Wheelchair Tennis Legend Dylan Alcott Sends Out Powerful Message Ahead of Retirement at Australian Open 2022

Published 12/20/2021, 4:30 AM EST


Dylan Alcott is one of the most popular figures in all of Australia. He is a wheelchair tennis player, radio host, and motivational speaker. Moreover, he is also a wheelchair basketball player.

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The 31-year old has won 15 Grand Slams throughout his career, and eight doubles titles as well. Furthermore, his crowning jewel in a much-decorated career was the Golden Slam. Alcott won all 4 Grand Slams of this calendar year, along with a Gold Medal at the 2020 Tokyo Paralympics.

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Now, in the twilight of his career, Dylan Alcott has promised to continue fighting for disabled athletes.

Dylan Alcott will retire after the 2022 Australian Open

The upcoming 2022 Australian Open will be Alcott‘s swan song. He will be trying to win a sixteenth Grand Slam and his eighth Australian Open title.

In recognition of the enormous impact of Alcott’s career on sport for people with disabilities, the tournament officials of the Australian Open scheduled the men’s singles final at the Rod Laver Arena. In fact, with this novel and historic news, the final will also get its own afternoon slot.

Tokyo 2020 Paralympic Games – Wheelchair Tennis – Quad Singles Semifinal – Ariake Tennis Park, Tokyo, Japan – August 31, 2021. Dylan Alcott of Australia celebrates winning his match against Niels Vink of the Netherlands. REUTERS/Thomas Peter TPX IMAGES OF THE DAY

His achievements have provided him with a significant public image. However, Alcott remains unhappy about the same not being the case for other disabled athletes. “I was listening to all my teammates speak and I’ve never felt more redundant in my life,” he said.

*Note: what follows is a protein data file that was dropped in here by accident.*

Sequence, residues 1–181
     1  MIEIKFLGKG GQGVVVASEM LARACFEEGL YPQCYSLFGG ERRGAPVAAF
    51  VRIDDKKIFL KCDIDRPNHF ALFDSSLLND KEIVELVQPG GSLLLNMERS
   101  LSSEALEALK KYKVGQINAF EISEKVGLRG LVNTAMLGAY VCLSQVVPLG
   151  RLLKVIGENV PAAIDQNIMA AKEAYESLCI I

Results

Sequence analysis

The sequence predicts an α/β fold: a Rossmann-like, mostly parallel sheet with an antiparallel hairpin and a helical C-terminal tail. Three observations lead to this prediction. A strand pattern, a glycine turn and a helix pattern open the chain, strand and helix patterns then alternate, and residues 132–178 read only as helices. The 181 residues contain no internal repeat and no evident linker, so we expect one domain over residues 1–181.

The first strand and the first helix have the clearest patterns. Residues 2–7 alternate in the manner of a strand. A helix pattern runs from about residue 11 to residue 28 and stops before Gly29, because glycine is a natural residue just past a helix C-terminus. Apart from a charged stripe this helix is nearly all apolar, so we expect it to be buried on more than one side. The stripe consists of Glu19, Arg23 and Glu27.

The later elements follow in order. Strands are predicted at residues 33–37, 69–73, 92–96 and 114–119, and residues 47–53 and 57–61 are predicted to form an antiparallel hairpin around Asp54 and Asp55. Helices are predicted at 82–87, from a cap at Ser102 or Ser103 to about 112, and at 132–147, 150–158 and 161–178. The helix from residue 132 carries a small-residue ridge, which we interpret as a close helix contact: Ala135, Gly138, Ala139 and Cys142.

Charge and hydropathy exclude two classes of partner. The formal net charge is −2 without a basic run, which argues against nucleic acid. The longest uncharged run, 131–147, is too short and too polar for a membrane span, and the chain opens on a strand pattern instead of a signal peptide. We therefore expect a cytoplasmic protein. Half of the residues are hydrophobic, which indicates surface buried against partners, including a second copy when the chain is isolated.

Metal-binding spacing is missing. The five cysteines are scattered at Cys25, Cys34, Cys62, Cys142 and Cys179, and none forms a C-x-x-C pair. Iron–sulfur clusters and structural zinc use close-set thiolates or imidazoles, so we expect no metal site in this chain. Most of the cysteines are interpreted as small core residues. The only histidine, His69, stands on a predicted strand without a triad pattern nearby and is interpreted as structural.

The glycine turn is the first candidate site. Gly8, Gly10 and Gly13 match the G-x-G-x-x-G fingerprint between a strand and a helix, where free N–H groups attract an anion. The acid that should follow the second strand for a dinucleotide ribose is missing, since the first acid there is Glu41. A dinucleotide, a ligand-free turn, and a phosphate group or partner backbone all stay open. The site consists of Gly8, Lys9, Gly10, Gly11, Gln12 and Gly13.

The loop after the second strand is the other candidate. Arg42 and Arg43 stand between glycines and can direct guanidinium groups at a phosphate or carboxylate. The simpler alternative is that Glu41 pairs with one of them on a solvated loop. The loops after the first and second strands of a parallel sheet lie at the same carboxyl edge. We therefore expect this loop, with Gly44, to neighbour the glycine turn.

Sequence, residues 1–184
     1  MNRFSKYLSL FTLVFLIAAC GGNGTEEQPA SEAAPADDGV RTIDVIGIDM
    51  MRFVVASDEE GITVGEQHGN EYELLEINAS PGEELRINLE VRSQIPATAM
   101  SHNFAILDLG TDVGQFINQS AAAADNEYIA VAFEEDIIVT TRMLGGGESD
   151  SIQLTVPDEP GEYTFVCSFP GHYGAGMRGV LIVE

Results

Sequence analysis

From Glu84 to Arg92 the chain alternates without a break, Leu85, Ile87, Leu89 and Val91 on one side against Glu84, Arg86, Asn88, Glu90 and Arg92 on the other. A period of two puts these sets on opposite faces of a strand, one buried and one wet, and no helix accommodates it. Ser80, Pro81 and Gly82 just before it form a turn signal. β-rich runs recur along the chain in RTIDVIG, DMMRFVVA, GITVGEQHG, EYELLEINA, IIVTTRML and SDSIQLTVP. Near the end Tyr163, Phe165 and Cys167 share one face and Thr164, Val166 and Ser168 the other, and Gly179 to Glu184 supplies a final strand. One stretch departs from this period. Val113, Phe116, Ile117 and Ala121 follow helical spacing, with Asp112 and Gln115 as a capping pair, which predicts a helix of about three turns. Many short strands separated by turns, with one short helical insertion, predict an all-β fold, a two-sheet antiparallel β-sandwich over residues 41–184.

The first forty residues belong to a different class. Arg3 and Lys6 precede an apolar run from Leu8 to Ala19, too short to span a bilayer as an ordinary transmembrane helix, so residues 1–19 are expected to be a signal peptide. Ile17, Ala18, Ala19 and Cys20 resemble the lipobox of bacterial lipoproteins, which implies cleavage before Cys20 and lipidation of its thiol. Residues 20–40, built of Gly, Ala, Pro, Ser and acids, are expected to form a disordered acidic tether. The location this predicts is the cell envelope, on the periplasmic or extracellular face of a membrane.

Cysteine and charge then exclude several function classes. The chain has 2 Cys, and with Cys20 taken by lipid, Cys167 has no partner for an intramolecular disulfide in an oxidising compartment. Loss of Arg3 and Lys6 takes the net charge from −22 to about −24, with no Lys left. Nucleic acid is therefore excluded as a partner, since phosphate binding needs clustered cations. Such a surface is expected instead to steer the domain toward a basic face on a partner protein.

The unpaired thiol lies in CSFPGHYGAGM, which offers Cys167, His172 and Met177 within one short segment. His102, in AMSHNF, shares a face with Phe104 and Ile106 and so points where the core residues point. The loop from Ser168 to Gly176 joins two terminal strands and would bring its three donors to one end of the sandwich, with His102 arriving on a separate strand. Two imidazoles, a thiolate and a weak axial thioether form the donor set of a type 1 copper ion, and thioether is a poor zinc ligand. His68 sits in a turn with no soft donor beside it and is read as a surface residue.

“They were all advocates and I knew they were like that, but they’ve just never been given the same platform that someone like myself,” Alcott expressed.

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Alcott talks about how there were many great tennis players who paved the path for him. However, their names are not as popular or known.

“There were so many great tennis players before me, (such as) Dani Di Toro, David Hall. Hall of famers, and people might not know their name and that’s crap. They deserve to be the same.”

Alcott talks about the future

“My time is done and other people deserve (more attention), whether it is Heath (Davidson) in tennis, or (athletes) in other sports, or whatever it is,” he said.

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“I’ve got full faith in the Australian public that they’ll get behind athletes with a disability – and not just to get the warm fuzzies. You know, ‘We’re going to support the disabled athletes’.

Clearly, Alcott intends to fight more for the disabled community, as he has mentioned how a political career after sports might be in the cards.

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“If I’ve played even a very, very small role in that, then I’ve done what I was meant to do in sport. But I’ll never stop fighting for my community,” he said.

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Samarveer Singh

235 articles

Samarveer Singh is a tennis writer at EssentiallySports. Holding a degree in English Literature and a diploma in Fitness Sciences and Training, Samarveer is obsessed with tennis and basketball. A collegiate athlete himself, he admires all sportspersons who put in the work in order to achieve excellence.

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